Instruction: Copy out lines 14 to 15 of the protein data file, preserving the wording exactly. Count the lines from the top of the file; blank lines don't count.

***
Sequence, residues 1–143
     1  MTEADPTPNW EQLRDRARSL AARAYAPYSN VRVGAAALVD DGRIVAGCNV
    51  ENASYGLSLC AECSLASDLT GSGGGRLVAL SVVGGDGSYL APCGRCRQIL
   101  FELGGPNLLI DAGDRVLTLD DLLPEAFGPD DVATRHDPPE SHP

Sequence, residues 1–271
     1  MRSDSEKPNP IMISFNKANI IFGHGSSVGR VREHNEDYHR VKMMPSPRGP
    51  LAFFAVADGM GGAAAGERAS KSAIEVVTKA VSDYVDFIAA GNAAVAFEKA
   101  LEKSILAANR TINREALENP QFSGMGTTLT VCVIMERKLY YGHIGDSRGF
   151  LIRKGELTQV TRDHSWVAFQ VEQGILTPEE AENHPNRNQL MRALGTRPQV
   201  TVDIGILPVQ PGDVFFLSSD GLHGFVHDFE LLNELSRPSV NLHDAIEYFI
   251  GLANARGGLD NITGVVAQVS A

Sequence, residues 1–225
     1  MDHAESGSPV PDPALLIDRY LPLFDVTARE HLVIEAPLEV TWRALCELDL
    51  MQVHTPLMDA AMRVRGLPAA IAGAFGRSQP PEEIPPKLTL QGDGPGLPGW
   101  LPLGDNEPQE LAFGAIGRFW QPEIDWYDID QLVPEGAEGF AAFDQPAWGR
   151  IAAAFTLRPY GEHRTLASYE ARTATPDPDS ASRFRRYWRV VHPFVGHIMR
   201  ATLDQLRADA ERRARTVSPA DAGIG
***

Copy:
    51  MQVHTPLMDA AMRVRGLPAA IAGAFGRSQP PEEIPPKLTL QGDGPGLPGW
   101  LPLGDNEPQE LAFGAIGRFW QPEIDWYDID QLVPEGAEGF AAFDQPAWGR